The Miseducation of Lauryn Hill

Every once in a while an artist comes along that drastically changes the landscape of sound, the very way we interpret the movement of music. In 1998, Lauryn Hill brought us light in a way we’d never experienced it. She gave us something that fell beyond the parameters of “new” and became unidentifiably beautiful.

The Miseducation of Lauryn Hill was the pinnacle of years of maturation, heartbreak, and rebirth. L-Boogie became a goddess of Hip-Hop and responded to the onslaught of sugary sweet pop with her own brand of mysticism. Coming out of the Prodigal Son of Hip-Hop groups in the 90s (The Fugees), Lauryn expanded her vocal and lyrical versatility on her own. She coupled the scope of her life experiences with the continued growth of students in a public school, discussing love as if they’d felt the sensations of that enigmatic rose.

With an album title that is a nod to the continued institutionalised racism highlighted in W.E.B DuBois’ The Miseducation of the Negro, there’s no doubt that Lauryn’s intent was to raise eyebrows and consciousnesses to a level that they’d strayed far from for the better part of 30 years.

The album opens with a bell, signifying that school is now in session. From that first blaring ring, we’re plopped right back into the classrooms, dusty and dim, smelling of youth and chalk dust. The teacher is taking attendance. The very last name he calls out doesn’t respond. “Lauryn Hill. Lauryn Hill. Lauryn Hill…” fading suddenly into a thumping, yet sparse, beat, through which Lauryn’s voice strums.

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2 thoughts on “The Miseducation of Lauryn Hill

  1. sara

    I don’t like hype, and as a rule I’m suspicious of any album that’s too widely praised. Nonetheless, The Miseducation of Lauryn Hill proved to be an exception to the unfortunate trend of hyping mediocrity. Her sentiments are refreshing, she’s emotional without being sentimental, she’s devout without being proselytizing, and perhaps most importantly she writes interesting, ecclectic music with roots in Jazz, Rock, Soul, Gospel, R&B, ad. inf. Quite frankly, I’m completely bemused by the reviews claiming that her beats are predictable or her lyrics are less than insightful. I found the opposite to be true; her mixing and producing were exceptional and her collaborators were well-chosen and well-utilized. I was further confused by two reviews below, one of which claimed that Brandy was superior and another which claimed Celine Dion was. Putting my personal opinions of those performers aside for a moment, I would like to point out that neither Brandy nor Dion write or produce their own songs. They perform the work of other songwriters and musicians and then allow it to be mixed by studio employees. Ms. Hill is not a performer. She’s a real artist and “The Miseducation of Lauryn Hill” is an amazing album. Everybody should listen it regardless of their musical taste.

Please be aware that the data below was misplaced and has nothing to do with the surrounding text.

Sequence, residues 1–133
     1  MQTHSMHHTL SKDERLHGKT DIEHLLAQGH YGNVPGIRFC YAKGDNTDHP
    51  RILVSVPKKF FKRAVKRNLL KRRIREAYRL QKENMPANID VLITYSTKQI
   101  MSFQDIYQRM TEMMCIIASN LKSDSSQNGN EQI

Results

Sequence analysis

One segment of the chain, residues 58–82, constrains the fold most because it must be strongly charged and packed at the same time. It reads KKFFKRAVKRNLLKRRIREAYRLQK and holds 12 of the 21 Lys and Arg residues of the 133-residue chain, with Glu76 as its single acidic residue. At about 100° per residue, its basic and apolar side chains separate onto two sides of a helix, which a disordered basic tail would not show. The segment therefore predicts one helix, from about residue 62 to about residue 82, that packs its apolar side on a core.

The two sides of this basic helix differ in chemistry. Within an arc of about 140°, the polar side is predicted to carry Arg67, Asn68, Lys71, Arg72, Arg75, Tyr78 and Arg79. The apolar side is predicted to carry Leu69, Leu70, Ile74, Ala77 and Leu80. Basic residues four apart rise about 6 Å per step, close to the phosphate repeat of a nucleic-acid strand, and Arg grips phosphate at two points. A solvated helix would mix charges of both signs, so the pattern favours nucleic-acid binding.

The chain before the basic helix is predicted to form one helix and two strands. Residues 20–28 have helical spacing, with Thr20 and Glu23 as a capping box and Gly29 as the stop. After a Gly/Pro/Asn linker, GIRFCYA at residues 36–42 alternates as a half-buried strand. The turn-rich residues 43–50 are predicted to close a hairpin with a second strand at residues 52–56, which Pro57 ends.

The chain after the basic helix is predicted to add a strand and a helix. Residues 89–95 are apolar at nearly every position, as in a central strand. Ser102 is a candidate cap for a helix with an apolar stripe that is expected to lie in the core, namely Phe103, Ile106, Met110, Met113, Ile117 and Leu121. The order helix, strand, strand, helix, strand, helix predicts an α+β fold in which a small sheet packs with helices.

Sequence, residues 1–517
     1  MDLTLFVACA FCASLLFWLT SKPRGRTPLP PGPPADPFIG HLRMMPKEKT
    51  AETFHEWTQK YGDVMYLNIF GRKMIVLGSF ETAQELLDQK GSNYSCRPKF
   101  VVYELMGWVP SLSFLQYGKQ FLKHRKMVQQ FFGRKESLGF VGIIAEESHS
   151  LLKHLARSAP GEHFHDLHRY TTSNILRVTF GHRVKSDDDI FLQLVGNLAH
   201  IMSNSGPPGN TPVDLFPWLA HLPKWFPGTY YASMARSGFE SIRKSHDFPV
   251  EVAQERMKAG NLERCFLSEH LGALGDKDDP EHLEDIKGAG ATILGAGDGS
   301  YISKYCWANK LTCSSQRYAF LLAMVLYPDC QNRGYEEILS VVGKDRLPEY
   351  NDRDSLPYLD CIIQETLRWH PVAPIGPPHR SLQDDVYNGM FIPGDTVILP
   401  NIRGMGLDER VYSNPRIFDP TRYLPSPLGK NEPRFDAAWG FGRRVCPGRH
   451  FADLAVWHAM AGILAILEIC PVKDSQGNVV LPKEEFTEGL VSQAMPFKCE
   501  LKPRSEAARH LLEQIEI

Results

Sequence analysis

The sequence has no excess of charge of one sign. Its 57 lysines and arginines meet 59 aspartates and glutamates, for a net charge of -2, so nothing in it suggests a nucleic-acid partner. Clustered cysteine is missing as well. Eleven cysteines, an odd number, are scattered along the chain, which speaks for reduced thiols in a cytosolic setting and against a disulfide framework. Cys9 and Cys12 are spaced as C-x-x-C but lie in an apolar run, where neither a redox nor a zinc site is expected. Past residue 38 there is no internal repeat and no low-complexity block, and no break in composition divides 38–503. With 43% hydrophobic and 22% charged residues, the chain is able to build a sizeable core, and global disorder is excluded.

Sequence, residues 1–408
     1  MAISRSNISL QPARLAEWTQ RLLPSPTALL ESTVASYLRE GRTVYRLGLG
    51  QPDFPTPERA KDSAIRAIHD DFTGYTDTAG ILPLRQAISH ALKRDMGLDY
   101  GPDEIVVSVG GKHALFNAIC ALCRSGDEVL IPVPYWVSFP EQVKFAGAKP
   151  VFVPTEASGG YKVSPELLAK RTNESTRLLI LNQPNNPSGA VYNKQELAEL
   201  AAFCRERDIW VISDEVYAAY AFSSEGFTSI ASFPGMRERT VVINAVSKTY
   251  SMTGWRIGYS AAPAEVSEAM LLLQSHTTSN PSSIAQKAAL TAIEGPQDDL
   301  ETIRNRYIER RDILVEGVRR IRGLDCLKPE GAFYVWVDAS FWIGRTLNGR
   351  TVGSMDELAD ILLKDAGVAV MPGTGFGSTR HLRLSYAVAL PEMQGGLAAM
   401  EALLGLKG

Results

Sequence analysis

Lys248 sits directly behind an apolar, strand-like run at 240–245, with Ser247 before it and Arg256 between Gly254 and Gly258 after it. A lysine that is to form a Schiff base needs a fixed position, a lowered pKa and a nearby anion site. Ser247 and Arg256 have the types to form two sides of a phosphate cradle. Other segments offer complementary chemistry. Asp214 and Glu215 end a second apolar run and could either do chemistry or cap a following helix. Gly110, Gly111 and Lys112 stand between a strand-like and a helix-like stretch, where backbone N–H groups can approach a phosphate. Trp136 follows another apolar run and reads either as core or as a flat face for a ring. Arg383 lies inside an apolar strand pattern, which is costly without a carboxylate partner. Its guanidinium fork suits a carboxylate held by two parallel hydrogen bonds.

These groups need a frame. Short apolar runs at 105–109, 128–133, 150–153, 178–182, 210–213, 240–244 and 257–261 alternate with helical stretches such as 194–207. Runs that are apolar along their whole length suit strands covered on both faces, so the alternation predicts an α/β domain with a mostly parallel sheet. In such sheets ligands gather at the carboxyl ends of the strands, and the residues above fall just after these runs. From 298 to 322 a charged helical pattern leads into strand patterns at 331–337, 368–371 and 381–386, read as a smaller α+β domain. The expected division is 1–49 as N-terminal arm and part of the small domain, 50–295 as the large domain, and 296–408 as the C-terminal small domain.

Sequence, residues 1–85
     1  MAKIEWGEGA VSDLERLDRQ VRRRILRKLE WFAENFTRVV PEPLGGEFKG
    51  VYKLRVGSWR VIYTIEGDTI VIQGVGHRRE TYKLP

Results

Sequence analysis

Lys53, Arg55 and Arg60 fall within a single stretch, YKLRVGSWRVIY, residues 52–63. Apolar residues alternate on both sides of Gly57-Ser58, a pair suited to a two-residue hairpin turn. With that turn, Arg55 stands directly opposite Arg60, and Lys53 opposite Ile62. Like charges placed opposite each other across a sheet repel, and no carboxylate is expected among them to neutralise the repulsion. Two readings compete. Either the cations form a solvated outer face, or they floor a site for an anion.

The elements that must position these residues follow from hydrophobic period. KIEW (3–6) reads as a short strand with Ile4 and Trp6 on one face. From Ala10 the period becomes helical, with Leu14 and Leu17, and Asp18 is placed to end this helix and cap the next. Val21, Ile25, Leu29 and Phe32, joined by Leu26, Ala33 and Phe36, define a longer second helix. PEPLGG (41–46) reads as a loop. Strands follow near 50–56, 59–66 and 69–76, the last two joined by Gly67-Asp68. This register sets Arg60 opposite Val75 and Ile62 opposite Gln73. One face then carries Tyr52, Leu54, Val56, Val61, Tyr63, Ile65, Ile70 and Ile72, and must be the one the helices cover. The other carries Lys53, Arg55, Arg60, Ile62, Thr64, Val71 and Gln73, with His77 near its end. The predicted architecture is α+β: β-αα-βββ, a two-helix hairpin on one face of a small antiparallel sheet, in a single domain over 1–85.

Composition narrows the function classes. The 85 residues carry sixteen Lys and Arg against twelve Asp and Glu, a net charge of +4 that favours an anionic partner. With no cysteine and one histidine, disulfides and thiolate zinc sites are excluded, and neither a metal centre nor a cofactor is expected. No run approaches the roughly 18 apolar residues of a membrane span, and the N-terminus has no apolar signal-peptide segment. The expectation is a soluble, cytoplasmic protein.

Thanks,
    Sara lopez

    Reply
    1. Yvning Post author

      Couldn’t agree with you more. Her sound was and remains unique and distinguishable from milieu others who portend to claim the title “artist”.

      Miseducation was a work of art, a pinpoint in time in which art was at its apex… everything concerning love, peace, anger, happiness, and yes, education found itself on this carefully constructed album. I’m the type that doesn’t listen to hype and judges a piece on its own merits, regardless of what countless others may say. As such, my love of this album will never fade because it dared to be different and honest.

      Thanks for reading. I hope you get a chance to experience more music like this and spread its beauty with others. 🙂

      Reply

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